Retail Is Changing Shape, But We Can All Move With It
A Saturday morning in a thriving town centre, and the scene before you is reminiscent of something from 50 years ago. Traders shout their wares from market stalls, shoppers buy bread and meat from vans and there’s a band playing in the middle of the crowd.
This is not 1959, however. The scene’s new additions are the plethora of cafés, the ping pong leisure outlet and the technology store hosting a hackathon. The combination of old and new retail trends is the next step in retail’s evolution, bringing about an environment that focuses far more on experience.
Online retail is growing fast and there are thousands of empty stores lying dormant in retail centres across the UK, but already certain landlords are bringing them back to life through considerate development. If more conversations are had between landlords, retailers and shoppers, the sector can adapt to what is simply retail’s next evolution, Gardiner & Theobald Partner Steven Bennett said.
The evolution of retail
“If you look back, retail has always evolved,” Bennett said. “There have been many formats to how we trade through history, from stalls and markets to shops, high streets and shopping centres.”
Recent retail history is full of change. In the 1960s, shopping centres started to arrive in the UK’s towns and centres. In the 1970s, out-of-town retail centres started to pop up, along with giant supermarkets.
Over time, department stores became the anchor of each major shopping centre and restaurants replaced fast food in food courts, coupled with leisure offerings. Each time consumer shopping habits have changed, the real estate industry has moved to accommodate them.
E-commerce is the current evolutionary step, growing at a phenomenal rate. According to the Office of National Statistics, online sales increased by 15.9% in 2017 to £58.8 billion. This compared to a rise of 2.4% in store sales, showing an increasing proportion of sales being captured by e-commerce.
“The biggest driver of change in the last three to five years has of course been online retail, but the evolution has been coming for ten years or more,” Bennett said. “For quite some time there has been ambition from retail landlords to use omnichannel methods to tie online to bricks-and-mortar retail.”
People still want shops
Research shows the desire for consumers to keep visiting physical retail locations is still strong. Almost all (97%) respondents to a study from Oracle NetSuite said that visiting a physical store was still important, while 43% of millennial and generation Z consumers indicated they expect to do more physical shopping this year.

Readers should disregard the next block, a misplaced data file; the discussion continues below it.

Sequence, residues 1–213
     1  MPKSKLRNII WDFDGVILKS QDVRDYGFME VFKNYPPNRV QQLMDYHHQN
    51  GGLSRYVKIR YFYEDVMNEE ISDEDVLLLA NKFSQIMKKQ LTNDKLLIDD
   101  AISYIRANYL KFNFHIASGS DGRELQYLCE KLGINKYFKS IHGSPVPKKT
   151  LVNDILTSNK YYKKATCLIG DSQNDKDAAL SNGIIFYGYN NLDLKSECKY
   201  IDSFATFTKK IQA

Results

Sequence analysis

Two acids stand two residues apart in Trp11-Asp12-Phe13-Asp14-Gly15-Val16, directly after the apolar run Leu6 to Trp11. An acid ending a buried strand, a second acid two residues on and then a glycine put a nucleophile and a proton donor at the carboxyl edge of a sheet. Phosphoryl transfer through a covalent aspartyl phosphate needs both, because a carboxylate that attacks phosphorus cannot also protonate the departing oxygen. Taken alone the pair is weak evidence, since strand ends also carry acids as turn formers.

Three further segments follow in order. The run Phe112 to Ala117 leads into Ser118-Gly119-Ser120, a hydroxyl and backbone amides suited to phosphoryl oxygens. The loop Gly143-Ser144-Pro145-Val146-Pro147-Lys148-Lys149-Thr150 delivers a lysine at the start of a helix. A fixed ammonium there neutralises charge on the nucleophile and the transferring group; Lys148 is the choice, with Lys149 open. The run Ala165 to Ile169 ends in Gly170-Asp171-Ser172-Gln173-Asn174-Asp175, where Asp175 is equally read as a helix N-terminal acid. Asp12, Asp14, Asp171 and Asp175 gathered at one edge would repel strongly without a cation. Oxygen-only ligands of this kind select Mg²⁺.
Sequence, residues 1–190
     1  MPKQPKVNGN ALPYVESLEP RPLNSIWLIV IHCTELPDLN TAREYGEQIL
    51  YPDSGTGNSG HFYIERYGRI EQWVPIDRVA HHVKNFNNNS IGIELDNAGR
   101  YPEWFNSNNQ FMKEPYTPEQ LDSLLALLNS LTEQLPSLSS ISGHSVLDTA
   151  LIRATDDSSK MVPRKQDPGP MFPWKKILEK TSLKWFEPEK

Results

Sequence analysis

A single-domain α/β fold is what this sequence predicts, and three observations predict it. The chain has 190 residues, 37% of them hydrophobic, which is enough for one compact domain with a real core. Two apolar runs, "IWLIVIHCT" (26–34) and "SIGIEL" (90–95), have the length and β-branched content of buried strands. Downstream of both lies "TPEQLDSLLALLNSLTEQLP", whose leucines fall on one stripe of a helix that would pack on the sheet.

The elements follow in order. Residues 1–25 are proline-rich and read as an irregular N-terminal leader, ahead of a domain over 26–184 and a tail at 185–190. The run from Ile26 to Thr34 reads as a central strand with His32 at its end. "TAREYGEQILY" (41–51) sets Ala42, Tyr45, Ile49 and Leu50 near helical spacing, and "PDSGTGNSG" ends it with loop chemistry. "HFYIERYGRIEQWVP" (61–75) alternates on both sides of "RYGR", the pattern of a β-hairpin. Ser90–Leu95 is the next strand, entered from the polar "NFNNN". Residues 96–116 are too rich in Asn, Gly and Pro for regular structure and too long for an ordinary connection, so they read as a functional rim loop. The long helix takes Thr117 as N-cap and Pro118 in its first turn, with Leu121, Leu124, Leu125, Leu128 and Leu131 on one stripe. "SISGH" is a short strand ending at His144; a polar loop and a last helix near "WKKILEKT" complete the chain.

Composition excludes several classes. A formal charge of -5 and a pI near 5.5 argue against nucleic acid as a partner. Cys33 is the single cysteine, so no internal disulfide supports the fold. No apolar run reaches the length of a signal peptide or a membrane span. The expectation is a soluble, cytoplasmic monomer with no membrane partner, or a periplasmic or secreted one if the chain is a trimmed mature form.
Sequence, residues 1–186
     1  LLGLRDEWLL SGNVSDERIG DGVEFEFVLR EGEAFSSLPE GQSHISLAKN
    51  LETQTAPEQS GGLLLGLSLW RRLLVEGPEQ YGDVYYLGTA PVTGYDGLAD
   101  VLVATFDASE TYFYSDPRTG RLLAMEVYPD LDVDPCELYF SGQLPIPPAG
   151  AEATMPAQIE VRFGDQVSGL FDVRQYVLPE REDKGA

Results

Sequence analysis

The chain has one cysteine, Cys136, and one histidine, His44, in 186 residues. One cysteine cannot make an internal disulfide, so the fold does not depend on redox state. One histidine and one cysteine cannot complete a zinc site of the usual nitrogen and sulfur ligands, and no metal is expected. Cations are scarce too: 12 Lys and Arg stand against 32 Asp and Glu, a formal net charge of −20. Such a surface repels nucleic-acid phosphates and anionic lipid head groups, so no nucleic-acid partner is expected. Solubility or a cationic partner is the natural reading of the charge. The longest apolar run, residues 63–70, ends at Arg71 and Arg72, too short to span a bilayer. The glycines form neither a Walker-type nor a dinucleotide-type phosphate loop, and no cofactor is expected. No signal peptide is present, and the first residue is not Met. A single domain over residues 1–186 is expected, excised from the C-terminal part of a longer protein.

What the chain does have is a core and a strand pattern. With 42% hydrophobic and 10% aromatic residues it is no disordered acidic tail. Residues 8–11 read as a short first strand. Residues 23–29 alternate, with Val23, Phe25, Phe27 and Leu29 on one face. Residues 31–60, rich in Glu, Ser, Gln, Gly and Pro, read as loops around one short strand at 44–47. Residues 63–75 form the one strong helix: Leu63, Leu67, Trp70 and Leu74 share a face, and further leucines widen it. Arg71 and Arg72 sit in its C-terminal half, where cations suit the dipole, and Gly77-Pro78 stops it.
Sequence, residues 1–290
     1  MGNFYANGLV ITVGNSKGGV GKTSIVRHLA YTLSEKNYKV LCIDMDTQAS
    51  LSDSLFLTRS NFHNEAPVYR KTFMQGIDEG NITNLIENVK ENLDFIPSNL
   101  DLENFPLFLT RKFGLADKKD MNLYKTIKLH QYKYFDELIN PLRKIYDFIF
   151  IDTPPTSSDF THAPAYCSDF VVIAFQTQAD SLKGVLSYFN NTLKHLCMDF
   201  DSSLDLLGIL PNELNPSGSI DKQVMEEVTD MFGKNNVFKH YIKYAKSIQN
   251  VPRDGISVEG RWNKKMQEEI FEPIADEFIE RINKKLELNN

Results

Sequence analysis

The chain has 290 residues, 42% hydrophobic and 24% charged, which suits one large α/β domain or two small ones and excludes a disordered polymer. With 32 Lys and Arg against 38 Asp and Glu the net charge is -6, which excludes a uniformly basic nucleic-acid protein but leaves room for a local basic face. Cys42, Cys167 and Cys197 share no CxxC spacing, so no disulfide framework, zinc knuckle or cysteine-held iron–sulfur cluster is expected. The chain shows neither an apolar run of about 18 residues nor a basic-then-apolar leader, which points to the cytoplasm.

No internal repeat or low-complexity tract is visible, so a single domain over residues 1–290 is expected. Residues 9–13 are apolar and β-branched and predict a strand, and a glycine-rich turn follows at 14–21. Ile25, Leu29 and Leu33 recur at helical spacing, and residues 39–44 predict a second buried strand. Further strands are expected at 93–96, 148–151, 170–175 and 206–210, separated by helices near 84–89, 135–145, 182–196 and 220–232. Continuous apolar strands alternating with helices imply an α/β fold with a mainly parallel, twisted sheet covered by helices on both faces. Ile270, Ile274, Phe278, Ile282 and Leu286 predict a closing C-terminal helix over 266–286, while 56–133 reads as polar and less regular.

However, the research also suggests that retailers and landlords are not yet in tune with what consumers want from retail today. Almost three quarters (73%) of retail executives said the overall environment in retail stores has become more inviting in the past five years, but only 45% of consumers agree. The question has become how to get the right retailers in the right locations.
With thousands of empty stores lying dormant in retail centres across the UK, conversations need to happen not just between consumers and retailers, but between landlords and retailers. Some have already started to act.
Retail’s current evolution might be hitting hard, but “developers are very focused on creating places that people want to be in,” he said. “By providing more choice, higher quality hospitality and a better overall experience, physical shopping will always hold an appeal. Landlords are very aware now of the need to talk to retailers and understand what can help them.”
"By providing more choice, higher quality hospitality and a better overall experience, physical shopping will always hold an appeal. Landlords are very aware now of the need to talk to retailers and understand what can help them"Steven Bennett, G&T Partner
A correction is needed
In some cases, it will take more than a conversation. Falling trade and rental levels and rising business rates have hit retailers large and small in recent years, forcing property owners to think creatively.
“When retailers are failing or need to downsize, it is becoming hard for a property owner to backfill the space with another retailer.” said Bennett. “There is a growing recognition that in some cases they need to think about repurposing retail, perhaps to residential, office or another complementary use which maintains the vitality of the town or city centre.”
It’s going to be a while before the current stage in retail’s evolution is fully embedded in real estate and a lot needs to adapt. But people always want to be with people and if the right conversations happen, the retail sector can certainly find new ways to satisfy that need.
This content was produced and originally published by Bisnow